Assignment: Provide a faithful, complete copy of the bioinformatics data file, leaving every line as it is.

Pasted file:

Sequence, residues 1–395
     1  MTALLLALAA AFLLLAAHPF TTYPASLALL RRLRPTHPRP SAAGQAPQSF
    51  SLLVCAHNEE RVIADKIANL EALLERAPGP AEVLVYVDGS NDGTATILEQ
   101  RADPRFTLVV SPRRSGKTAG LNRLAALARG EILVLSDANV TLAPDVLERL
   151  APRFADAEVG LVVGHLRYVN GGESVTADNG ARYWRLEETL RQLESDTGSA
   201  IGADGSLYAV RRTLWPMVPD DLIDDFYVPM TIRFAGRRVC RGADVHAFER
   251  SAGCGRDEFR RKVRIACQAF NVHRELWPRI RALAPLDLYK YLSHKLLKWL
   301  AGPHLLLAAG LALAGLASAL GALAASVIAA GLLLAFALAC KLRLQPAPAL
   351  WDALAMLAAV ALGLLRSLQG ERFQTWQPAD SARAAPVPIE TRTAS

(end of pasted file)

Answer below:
Sequence, residues 1–395
     1  MTALLLALAA AFLLLAAHPF TTYPASLALL RRLRPTHPRP SAAGQAPQSF
    51  SLLVCAHNEE RVIADKIANL EALLERAPGP AEVLVYVDGS NDGTATILEQ
   101  RADPRFTLVV SPRRSGKTAG LNRLAALARG EILVLSDANV TLAPDVLERL
   151  APRFADAEVG LVVGHLRYVN GGESVTADNG ARYWRLEETL RQLESDTGSA
   201  IGADGSLYAV RRTLWPMVPD DLIDDFYVPM TIRFAGRRVC RGADVHAFER
   251  SAGCGRDEFR RKVRIACQAF NVHRELWPRI RALAPLDLYK YLSHKLLKWL
   301  AGPHLLLAAG LALAGLASAL GALAASVIAA GLLLAFALAC KLRLQPAPAL
   351  WDALAMLAAV ALGLLRSLQG ERFQTWQPAD SARAAPVPIE TRTAS